BIRCH, Stephen

Present Whereabouts Unknown.


The sitter was born March 24, 1872, and died aged 68 on December 29, 1940 after abdominal surgery. He married Miss Mary Rand in Minneapolis on June 24, 1917 (she died of cancer in 1930) and had two children: Stephen Birch Jr. (died 1970) and Mary M. R. Birch. He was involved in the Burlington & Quincy Railway Company and with copper corporations.

Bibliography of sitter:

Elizabeth A. Tower, Ghosts of Kennecott: The Story of Stephen Birch, Anchorage, Alaska 1990.

Painted in New York in 1911. He was apparently red-headed. He lived in 1915 at 272 West 90th Street, New York City, and at Mahwah, New Jersey, at 110 Ramsey Street in 1918.  Birch had been a former tutor to the nine Havemeyer children, and was sent by the family to Columbia University, and in 1899 they financed a trip to Alaska where he developed a major find of copper; with the assistance of the Havemeyers, a Guggenheim and J. P. Morgan he formed the Kennecott Mining Company. Birch and his wife lived opposite the Havemeyer mansion in the Ramapo Valley in New Jersey, in a house built by them for their daughter Lillie, who had married daringly the overseer of the Havemeyer estate, John Mayer.  Lillie died of a gunshot wound in the mansion in 1900; her family said it was an accident.  In 1917 the Havemeyer family sold the house and 730 acres of their 1000 acre estate to Birch.  The estate was inherited by their son in 1940, but was inherited by the family of his sister Mary in 1970, and is now part of Ramapo College.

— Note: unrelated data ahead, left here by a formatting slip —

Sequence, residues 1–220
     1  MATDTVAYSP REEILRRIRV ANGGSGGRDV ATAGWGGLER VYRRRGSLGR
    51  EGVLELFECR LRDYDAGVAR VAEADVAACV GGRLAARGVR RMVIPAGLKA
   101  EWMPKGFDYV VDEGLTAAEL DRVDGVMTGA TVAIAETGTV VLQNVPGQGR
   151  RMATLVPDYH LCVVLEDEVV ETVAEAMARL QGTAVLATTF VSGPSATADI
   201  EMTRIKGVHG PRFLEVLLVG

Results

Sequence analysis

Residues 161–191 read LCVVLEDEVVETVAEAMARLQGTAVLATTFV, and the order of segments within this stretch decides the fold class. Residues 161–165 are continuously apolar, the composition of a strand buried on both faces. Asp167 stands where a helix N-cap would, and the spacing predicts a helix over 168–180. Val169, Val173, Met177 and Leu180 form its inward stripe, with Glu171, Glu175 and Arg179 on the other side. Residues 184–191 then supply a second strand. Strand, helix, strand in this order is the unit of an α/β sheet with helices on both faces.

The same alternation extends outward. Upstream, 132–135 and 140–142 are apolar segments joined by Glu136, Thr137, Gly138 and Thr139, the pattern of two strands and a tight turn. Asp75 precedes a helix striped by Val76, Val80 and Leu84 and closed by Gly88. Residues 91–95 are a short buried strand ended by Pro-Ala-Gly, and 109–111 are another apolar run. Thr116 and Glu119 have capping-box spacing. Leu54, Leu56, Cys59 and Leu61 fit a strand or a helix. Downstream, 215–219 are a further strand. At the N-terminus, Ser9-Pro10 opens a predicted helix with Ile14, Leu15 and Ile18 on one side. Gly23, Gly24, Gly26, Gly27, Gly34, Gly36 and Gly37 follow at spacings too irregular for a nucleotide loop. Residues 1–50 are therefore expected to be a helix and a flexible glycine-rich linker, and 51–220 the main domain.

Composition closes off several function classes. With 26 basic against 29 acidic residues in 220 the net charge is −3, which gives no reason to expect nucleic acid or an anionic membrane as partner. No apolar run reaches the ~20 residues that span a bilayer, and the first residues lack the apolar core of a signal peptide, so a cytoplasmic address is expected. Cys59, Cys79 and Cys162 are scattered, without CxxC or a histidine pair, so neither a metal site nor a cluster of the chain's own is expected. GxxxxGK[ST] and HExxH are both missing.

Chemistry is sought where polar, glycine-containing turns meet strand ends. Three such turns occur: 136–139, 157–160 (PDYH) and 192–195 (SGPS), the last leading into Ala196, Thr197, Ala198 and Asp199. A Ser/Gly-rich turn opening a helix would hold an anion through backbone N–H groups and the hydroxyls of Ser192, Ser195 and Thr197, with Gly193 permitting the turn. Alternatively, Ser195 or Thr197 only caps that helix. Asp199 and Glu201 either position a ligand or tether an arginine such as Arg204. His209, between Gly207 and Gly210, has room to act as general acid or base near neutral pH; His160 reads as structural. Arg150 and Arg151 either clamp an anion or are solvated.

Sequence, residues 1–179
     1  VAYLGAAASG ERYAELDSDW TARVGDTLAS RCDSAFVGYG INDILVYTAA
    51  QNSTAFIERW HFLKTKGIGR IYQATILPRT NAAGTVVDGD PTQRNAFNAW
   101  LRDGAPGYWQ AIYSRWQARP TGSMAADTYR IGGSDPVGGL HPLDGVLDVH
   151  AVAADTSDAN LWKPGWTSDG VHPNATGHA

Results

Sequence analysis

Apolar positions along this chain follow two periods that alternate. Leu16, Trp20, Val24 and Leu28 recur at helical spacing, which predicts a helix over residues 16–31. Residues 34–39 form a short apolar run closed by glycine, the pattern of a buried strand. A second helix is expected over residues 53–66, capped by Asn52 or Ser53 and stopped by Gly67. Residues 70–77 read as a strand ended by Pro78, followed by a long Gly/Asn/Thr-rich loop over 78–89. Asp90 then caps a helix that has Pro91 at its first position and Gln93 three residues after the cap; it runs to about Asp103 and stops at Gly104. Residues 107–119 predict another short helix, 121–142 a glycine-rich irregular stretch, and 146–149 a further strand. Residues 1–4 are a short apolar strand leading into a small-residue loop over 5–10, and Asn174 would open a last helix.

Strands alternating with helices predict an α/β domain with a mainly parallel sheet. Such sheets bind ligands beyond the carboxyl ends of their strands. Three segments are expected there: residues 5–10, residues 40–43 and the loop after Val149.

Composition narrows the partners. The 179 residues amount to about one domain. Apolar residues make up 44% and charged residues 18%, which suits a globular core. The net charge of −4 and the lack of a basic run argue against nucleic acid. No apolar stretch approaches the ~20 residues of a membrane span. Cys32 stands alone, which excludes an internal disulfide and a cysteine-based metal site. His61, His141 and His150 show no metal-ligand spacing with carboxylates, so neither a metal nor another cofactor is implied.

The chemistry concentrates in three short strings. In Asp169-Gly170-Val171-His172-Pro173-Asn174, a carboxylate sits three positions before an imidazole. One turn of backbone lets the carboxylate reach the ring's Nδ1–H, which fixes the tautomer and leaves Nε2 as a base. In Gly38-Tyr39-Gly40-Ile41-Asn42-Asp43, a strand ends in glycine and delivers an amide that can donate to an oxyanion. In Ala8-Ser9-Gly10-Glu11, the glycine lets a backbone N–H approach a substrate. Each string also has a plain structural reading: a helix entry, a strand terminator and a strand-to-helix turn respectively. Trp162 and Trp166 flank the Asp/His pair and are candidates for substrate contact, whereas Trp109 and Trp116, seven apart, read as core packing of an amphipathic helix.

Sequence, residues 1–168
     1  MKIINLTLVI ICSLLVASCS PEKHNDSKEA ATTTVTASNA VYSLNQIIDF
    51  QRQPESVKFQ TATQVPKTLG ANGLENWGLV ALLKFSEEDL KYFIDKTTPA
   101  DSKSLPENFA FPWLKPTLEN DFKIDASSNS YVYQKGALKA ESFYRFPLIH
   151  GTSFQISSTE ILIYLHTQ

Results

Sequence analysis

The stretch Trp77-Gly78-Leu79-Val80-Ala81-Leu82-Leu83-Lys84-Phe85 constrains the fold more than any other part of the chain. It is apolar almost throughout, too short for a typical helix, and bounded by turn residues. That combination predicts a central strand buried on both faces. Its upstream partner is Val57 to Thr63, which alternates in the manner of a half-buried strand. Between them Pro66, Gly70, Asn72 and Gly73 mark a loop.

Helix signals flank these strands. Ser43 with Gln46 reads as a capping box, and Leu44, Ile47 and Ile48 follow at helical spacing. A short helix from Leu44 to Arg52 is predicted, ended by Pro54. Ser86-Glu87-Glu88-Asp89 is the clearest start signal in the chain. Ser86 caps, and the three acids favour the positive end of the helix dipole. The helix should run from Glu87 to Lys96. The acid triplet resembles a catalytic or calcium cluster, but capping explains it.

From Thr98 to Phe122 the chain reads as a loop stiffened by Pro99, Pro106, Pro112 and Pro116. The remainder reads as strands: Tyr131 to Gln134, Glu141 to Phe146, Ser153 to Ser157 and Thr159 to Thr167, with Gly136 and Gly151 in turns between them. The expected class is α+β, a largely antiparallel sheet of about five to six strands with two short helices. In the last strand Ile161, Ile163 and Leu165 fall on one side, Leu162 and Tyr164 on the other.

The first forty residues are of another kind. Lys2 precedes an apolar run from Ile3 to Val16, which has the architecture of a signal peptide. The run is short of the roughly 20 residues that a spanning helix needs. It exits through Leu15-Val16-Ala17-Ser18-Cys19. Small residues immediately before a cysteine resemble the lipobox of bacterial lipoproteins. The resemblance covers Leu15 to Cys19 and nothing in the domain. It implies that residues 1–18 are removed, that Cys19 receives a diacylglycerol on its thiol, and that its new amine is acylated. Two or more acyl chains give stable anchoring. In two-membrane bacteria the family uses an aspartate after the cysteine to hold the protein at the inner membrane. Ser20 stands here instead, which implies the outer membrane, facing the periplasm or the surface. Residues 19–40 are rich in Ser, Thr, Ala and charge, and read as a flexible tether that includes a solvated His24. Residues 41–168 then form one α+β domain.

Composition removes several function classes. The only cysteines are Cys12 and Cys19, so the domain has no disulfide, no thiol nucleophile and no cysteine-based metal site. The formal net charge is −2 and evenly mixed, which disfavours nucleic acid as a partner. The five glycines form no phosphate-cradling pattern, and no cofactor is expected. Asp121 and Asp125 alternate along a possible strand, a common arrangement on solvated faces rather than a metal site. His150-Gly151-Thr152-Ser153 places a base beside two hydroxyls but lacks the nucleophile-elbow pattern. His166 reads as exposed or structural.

The sitter was a member with H.O. Havemeyer and Muller-Ury of a society called ‘The Knights of the Round Table.’

The following letter is dated May 11, 1911, and was written from 165, Broadway, New York, is in the artist’s papers:

‘Dear Mr. Ury:-

Have been out of town and have not had an opportunity to call on you in person to tell you how much my mother and sisters appreciate my portrait.

They had nothing but admiration for it, although my mother did say that it looked like me when I was good tempered. I’m afraid that is not the way I look when I am down town, hence the reason why Mr. Ralph joked about it. Mr. Steele said it was the finest he ever saw; there was so much life and it was an exact portrait.

                          Faithfully yours, Stephen Birch.’

His mother was Mrs. Stephen Birch (Miss Emily L. Marshall) and his sisters Emily M. Birch and Frances L. Birch.